Tuesday, June 09, 2009



drive in 3 

A couple of weeks ago, I heard a film critic refer to DVDs as “The New Drive-In” and felt it was an astute observation. Mostly because I’d thought the same thing myself a few days earlier.

The “Old” Drive-In was one of the great pleasures of my childhood and teenage years. I have early memories of being bundled into the back seat of a Mercury in my Lone Ranger PJs and sharing popcorn and hot dogs with my brother through the first feature before we fell asleep so my parents could enjoy the second one.

There was a Drive-In on the Trans-Canada highway not far from our house in Regina. And on the soft summer nights of that city, I can remember looking across the vacant prairie to see those crystal projected images flickering against the mid-west sky.

Before we had cars, my buddies and I would gather at the A&W, hike across the stubbled fields in the growing darkness, wait for the girl in the ticket booth to look the other way and scale the fence to get inside. Then we’d find somebody we knew with a car and pretend we were with them, sitting on the raised shoulder nearby with a speaker box in our laps to watch the movie.

The “Old” Drive-in was more about the experience than the movie. You went to show off your ride, sample the endless buffet of snacks and find some private time with your steady. It was mostly a summer thing because in winter the windows you normally just steamed up would frost over from the inside. So you’d have to scrape off the ice before driving home.

Although the sweetest good-night kisses were from the cool lips of a hot blonde who still had ice shavings in her hair.


I got my insight into the “New” Drive-in one recent night while walking my dog. It was one of those first soft nights here after a hard winter. A winter during which most of my neighbors apparently purchased HD televisions. And like that prairie drive-in, the images from those screens were flickering silently from several family room and bedroom windows.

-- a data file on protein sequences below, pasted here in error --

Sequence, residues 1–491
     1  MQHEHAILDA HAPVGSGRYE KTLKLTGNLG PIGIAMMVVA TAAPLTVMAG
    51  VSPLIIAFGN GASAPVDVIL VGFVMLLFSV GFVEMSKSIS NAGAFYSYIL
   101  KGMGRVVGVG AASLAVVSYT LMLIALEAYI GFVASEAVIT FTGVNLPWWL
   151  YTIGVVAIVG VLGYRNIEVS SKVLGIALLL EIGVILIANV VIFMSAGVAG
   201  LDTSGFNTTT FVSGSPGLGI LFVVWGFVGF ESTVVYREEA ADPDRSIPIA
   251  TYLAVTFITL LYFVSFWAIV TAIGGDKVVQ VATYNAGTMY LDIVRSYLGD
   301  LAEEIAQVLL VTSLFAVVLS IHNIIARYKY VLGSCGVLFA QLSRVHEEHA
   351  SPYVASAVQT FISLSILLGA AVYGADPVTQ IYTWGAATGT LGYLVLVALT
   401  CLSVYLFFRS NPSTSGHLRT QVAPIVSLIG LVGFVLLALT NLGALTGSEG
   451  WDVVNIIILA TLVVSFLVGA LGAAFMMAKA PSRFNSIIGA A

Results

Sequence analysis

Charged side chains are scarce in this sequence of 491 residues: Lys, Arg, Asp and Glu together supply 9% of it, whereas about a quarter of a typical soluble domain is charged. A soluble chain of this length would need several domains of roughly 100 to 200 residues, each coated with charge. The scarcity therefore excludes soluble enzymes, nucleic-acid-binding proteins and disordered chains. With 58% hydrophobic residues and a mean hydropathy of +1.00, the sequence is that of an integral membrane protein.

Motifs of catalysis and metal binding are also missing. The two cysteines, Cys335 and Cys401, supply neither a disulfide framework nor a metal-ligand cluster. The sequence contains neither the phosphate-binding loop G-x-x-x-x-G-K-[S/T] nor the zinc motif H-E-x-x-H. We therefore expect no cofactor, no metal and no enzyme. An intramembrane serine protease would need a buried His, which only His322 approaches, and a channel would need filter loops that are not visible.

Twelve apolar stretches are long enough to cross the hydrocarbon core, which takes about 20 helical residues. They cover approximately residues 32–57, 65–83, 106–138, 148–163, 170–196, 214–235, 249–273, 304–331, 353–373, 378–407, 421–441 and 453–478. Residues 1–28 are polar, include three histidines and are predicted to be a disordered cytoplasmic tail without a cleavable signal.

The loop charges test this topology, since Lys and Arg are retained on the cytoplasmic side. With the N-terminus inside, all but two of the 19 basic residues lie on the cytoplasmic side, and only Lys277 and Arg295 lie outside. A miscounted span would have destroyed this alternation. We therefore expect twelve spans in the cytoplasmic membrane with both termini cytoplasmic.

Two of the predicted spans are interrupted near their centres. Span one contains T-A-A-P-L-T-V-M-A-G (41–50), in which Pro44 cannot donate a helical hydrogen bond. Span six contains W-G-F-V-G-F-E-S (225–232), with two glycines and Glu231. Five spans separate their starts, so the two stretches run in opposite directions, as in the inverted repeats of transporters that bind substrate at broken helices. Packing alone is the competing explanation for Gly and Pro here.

While the dog nosed around for the rabbits who flood our neighborhood at night, I was struck by something interesting about those television screens. Not one of them was playing something that appeared to be of broadcast origin. I confirmed that a few minutes later when I checked the local listings. What had appeared on those screens were not TV series, reality shows, news, weather or the ball game.

All of my neighbors were watching movies. None of the titles of which matched those scheduled to be broadcast that night. Somebody was watching “The Curious Case of Benjamin Button”. Somebody else was going to sleep with “Paul Blart: Mall Cop”. Another was battling insomnia with “Mr. Brooks”. And another was ensuring sleep never came with “The Devil’s Rejects”.

No Canadian channels. No Cancon. Hmmmm….

How could this be turned to our advantage?

I got my answer last Saturday night after the Hockey Game.

For some reason, CBC’s “thoroughly Canadian” broadcast menu strays from that philosophy when they’re trying to hang on to the hockey crowd.

During the NHL lock-out, they attempted to lure viewers to the Hockey free “Hockey Night” slot with big budget Hollywood blockbusters. And Saturday night, they followed up the Detroit mauling of Pittsburgh with Will Farrell’s “Old School”.

Only for some odd reason, a network long tolerant of 4 letter words and nudity was broadcasting a dubbed clean version in which Will Farrell’s ubiquitous buttocks were always covered with a black band form fitted to resemble underwear.


Perhaps they were striving not to corrupt “all those kids” Don Cherry lectures on hockey skills and the smart way to decapitate a defenseman. But why bleep and cover a six year old movie most of those kids have probably already watched on DVD?

The answer was simple. Canadian TV executives don’t “get” movies or stay current on who’s watching what and why. At CTV (and CBC outside the hockey slots) they usually program ponderous, thoughtful, “ripped from the headlines” depression inducers whose mood and tone is constantly undermined and sabotaged by the insertion of chipper pitches for Iced Tea and cars that go “zoom-zoom”.

Over at CITY, they’re asking for regulatory relief from running any Canadian movies at all. Somehow forgetting that it was a News, “Star Trek” and two movies a night format that originally got them on the map.